- a public officer authorized to hear and decide cases in a court of law; a magistrate charged with the administration of justice.
- a person appointed to decide in any competition, contest, or matter at issue; authorized arbiter: the judges of a beauty contest.
- a person qualified to pass a critical judgment: a good judge of horses.
- an administrative head of Israel in the period between the death of Joshua and the accession to the throne by Saul.
- (especially in rural areas) a county official with supervisory duties, often employed part-time or on an honorary basis.
- to pass legal judgment on; pass sentence on (a person): The court judged him guilty.
- to hear evidence or legal arguments in (a case) in order to pass judgment; adjudicate; try: The Supreme Court is judging that case.
- to form a judgment or opinion of; decide upon critically: You can't judge a book by its cover.
- to decide or settle authoritatively; adjudge: The censor judged the book obscene and forbade its sale.
- to infer, think, or hold as an opinion; conclude about or assess: He judged her to be correct.
- to make a careful guess about; estimate: We judged the distance to be about four miles.
- (of the ancient Hebrew judges) to govern.
Origin of judge
SynonymsSee more synonyms on Thesaurus.com
Examples from the Web for judged
But he should not be judged by his wavering as a presidential candidate.Mario Cuomo, a Frustrating Hero to Democrats, Is Dead at 82
January 2, 2015
But these must be proven under a signed and sworn statement and judged reasonable by the DOH.No More Paper Prescriptions: Docs Fight Fraud by Going Electronic
December 18, 2014
Every time a victim comes forward and is shamed, judged, or ridiculed, I remember what it felt like to not be believed.How I Stopped My Rapist
November 24, 2014
People should be judged by what they stand for and how hard they work.America’s First Post-Gay Governor
October 24, 2014
Inclusiveness,” says Visser, “must be judged on policies, not on numbers.The New Iraq War Could Be Won or Lost This Month by Baghdad Politics
October 3, 2014
Bates touched his hat, for he judged this was the captain of the vessel he had seen.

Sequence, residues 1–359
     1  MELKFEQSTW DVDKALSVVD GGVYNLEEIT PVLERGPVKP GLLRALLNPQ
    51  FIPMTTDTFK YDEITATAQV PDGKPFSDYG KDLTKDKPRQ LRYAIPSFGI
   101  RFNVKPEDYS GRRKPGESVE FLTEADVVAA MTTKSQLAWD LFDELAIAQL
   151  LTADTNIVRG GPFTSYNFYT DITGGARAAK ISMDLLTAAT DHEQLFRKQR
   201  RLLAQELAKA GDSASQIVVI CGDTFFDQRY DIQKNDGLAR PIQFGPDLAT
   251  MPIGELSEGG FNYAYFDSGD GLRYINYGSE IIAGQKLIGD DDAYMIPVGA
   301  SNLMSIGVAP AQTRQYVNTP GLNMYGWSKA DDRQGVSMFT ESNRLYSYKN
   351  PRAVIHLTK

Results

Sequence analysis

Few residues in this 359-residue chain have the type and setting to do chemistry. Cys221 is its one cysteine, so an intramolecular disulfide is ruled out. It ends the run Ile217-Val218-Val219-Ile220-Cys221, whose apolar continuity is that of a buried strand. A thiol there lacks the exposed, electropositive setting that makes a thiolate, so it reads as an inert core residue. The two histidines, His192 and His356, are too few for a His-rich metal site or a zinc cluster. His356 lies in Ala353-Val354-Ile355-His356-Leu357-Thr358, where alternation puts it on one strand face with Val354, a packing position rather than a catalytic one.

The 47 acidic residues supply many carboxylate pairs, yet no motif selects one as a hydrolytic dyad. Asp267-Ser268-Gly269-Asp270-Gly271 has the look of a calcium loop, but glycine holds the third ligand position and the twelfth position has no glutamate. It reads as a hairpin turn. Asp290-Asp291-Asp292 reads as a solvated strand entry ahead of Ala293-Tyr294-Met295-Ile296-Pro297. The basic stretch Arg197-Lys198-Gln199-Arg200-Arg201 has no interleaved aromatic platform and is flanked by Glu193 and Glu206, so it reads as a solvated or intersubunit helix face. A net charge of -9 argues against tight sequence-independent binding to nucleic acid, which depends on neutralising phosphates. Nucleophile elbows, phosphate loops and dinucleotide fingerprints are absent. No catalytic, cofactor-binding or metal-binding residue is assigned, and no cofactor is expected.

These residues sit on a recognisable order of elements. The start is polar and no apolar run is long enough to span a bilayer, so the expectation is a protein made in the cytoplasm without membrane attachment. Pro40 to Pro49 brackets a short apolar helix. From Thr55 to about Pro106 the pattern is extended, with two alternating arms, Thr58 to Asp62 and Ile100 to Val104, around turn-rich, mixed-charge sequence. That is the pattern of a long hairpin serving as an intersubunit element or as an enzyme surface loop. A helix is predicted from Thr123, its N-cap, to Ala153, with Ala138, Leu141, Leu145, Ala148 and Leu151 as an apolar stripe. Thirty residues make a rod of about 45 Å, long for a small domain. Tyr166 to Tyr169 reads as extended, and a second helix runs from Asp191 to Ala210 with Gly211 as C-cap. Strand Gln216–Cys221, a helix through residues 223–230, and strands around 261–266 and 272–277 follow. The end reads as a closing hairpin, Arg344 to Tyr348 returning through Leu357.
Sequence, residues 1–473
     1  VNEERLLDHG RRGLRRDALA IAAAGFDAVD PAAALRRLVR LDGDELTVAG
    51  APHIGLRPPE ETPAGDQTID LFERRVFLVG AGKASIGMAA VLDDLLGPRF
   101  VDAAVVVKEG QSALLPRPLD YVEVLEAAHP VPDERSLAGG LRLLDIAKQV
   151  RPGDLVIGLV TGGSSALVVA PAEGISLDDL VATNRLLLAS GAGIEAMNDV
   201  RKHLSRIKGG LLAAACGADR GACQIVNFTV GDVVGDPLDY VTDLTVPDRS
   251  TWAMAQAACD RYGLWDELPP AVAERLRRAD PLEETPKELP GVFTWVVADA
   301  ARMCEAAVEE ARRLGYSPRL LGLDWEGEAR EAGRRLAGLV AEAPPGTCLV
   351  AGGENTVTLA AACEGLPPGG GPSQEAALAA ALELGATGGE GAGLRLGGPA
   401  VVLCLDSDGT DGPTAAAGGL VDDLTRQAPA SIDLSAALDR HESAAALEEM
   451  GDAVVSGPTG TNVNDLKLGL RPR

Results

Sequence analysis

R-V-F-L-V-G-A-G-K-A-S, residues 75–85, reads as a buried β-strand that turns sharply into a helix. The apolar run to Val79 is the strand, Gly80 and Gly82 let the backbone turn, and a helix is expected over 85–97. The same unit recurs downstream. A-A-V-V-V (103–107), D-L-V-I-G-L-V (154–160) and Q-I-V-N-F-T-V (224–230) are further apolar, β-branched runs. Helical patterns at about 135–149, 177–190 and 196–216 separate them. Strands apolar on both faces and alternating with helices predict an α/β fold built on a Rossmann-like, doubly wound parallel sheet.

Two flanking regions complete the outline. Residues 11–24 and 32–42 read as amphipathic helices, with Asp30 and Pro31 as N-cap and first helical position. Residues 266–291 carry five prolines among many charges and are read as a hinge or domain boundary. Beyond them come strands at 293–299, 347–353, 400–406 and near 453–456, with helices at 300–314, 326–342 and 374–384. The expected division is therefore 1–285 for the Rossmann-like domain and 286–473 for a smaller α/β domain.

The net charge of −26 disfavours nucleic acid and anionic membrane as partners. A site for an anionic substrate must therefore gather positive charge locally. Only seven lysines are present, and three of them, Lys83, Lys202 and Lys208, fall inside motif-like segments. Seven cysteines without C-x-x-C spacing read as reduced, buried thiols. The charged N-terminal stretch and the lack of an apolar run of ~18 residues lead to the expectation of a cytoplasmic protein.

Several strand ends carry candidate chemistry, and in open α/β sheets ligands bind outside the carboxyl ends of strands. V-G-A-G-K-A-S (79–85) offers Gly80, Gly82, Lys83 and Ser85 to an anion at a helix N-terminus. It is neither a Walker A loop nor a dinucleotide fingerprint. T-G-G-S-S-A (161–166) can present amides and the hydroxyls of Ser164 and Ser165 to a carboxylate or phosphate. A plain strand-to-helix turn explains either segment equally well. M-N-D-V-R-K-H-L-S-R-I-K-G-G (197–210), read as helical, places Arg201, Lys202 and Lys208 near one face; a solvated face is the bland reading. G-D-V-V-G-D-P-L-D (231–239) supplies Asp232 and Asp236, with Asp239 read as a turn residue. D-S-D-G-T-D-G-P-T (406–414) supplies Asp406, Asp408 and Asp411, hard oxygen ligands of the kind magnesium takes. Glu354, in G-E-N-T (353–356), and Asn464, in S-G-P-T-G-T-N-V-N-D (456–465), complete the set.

From his dress, and the commands he appeared to be issuing, Robert judged that it was the mate.
Judged by the discussions of to-day, what advance has in politics been effected?'Tis Sixty Years Since
Charles Francis Adams
On the morrow, Durochat was transferred to Versailles, where he was to be judged.
We judged right, that Hannah carried on your correspondencies.Clarissa, Volume 1 (of 9)
- a public official with authority to hear cases in a court of law and pronounce judgment upon themCompare magistrate (def. 1), justice (def. 5), justice (def. 6) Related adjective: judicial
- a person who is appointed to determine the result of contests or competitions
- a person qualified to comment criticallya good judge of antiques
- a leader of the peoples of Israel from Joshua's death to the accession of Saul
- to hear and decide upon (a case at law)
- (tr) to pass judgment on; sentence
- (when tr, may take a clause as object or an infinitive) to decide or deem (something) after inquiry or deliberation
- to determine the result of (a contest or competition)
- to appraise (something) critically
- (tr; takes a clause as object) to believe (something) to be the case; suspect
Word Origin and History for judged
mid-14c. (early 13c. as a surname), also judge-man; see judge (v.). In Hebrew history, it refers to a war leader vested with temporary power (e.g. Book of Judges), from Latin iudex being used to translate Hebrew shophet.
c.1300, "to form an opinion about; make a decision," also "to try and pronounce sentence upon (someone) in a court," from Anglo-French juger, Old French jugier "to judge, pronounce judgment; pass an opinion on," from Latin iudicare "to judge, to examine officially; form an opinion upon; pronounce judgment," from iudicem (nominative iudex) "a judge," a compound of ius "right, law" (see just (adj.)) + root of dicere "to say" (see diction). Related: Judged; judging. From mid-14c. as "to regard, consider." The Old English word was deman (see doom). Spelling with -dg- emerged mid-15c.